Project Management Methodologies
In order to achieve goals and planned results within a defined schedule and a budget, a manager uses a project. Regardless of which field or which trade, there are assortments of methodologies to help managers at every stage of a project from the initiation to implementation to the closure. In this tutorial, we will try to discuss the most commonly used project management methodologies.
A methodology is a model which project managers employ for the design, planning, implementation and achievement of their project objectives. There are different project management methodologies to benefit different projects.
For example, there is a specific methodology which NASA uses to build a space station while the Navy employs a different methodology to build submarines. Hence there are different project management methodologies that cater to the needs of different projects, span across different business domains.
Following are the most frequently used project management methodologies in the project management practice.
1 - Adaptive Project Framework:
In this methodology, the project scope is a variable. Additionally, the time and the cost are constants for the project. Therefore, during the project execution, the project scope is adjusted in order to get the maximum business value from the project.
2 - Agile Software Development:
Agile software development methodology is for a projects that needs extreme agility in requirements. The key features of agile are its short-termed delivery cycles (sprints), agile requirements, dynamic team culture, less restrictive project control, and emphasis on real-time communication.
3 - Crystal Methods:
In crystal method, the project processes are given a low priority. Instead of the processes, this method focuses more on team communication, team member skills, people, and interaction. Crystal methods come under agile category.
4 - Dynamic Systems Development Model (DSDM):
This is the successor of Rapid Application Development (RAD) methodology. This is also a subset of agile software development methodology and boasts about the training and documents support this methodology has. This method emphasizes more on the active user involvement during the project life cycle.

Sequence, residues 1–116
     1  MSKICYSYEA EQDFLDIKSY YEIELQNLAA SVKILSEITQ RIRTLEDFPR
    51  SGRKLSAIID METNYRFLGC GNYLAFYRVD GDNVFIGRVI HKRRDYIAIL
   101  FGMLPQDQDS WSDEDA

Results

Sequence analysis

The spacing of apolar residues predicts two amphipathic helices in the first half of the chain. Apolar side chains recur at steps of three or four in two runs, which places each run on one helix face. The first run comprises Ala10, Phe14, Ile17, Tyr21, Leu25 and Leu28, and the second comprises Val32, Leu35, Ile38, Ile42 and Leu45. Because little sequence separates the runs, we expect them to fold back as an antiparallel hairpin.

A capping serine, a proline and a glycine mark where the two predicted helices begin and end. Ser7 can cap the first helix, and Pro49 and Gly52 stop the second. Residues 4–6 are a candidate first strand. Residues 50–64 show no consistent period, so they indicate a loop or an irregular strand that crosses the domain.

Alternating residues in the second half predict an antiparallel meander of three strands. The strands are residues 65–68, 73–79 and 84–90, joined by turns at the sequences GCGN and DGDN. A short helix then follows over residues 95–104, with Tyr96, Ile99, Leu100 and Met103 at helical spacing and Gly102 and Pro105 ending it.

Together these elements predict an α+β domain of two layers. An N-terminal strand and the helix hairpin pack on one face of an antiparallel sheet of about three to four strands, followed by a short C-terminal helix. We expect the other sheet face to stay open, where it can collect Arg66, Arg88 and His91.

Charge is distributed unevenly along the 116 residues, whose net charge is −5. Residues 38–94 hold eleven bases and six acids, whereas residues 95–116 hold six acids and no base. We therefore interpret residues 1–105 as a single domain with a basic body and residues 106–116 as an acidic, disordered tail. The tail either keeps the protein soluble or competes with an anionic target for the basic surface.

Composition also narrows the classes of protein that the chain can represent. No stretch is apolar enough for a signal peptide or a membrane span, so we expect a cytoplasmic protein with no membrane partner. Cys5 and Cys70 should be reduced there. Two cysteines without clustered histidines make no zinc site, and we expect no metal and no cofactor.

5 - Extreme Programming (XP):
Lowering the cost of requirements changes is the main objective of extreme programming. XP emphasizes on fine scale feedback, continues process, shared understanding, and programmer welfare. In XP, there is no detailed requirements specification or software architecture built.
6 - Feature Driven Development (FDD):
This methodology is more focused on simple and well defined processes, short iterative, and feature driven delivery cycles. All the planning and execution in this project type take place based on the features.
7 - Information Technology Infrastructure Library (ITIL):
This methodology is a collection of best practices in project management. ITIL covers a broad aspect of project management which starts from the organizational management level.
8 - Joint Application Development (JAD):
Involving the client from the early stages with the project tasks is emphasized by this methodology. The project team and the client hold JAD sessions collaboratively in order to get the contribution from the client. These JAD sessions take place during the entire project lifecycle.
9 - Lean Development (LD):
Lean development focuses on developing change-tolerance software. In this method, satisfying the customer comes as the highest priority. The team is motivated to provide the highest value for the money paid by the customer.
10 - PRINCE2:
PRINCE2 takes a process based approach to project management. This methodology is based on eight high-level processes.
11 - Rapid Application Development (RAD):
This methodology focuses on developing products faster with higher quality. When it comes to gathering requirements, it uses the workshop method. Prototyping is used for getting clear requirements and re-use the software components to accelerate the development timelines.
In this method, all types of internal communications are considered informal.
12 - Rational Unified Process (RUP):
RUP tries to capture all the positive aspects of modern software development methodologies and offer them in one package. This is one of the first project management methodologies that suggested an iterative approach to software development.
13 - Scrum:
This is an agile methodology. The main goal of this methodology is to improve team productivity dramatically by removing every possible burden. Scrum projects are managed by a Scrum master.
14 - Spiral:
Spiral methodology is the extended waterfall model with prototyping. This method is used instead of using the waterfall model for large projects.
15 - Systems Development Life Cycle (SDLC):
This is a conceptual model used in software development projects. In this method, there is a possibility of combining two or more project management methodologies for the best outcome. SDLC also heavily emphasizes on the use of documentation and has strict guidelines on it.
16 - Waterfall (Traditional):
This is the legacy model for software development projects. This methodology has been in practice for decades before the new methodologies were introduced. In this model, development lifecycle has fixed phases and linear timelines. This model is not capable of addressing the challenges in the modern software development domain.
Selecting the most suitable project management methodology could be a tricky task. When it comes to selecting an appropriate one, there are a few dozens of factors you should consider. Each project management methodology carries its own strengths and weaknesses.
Therefore, there is no good or bad methodology, and what you should follow is the most suitable one for your project management requirements.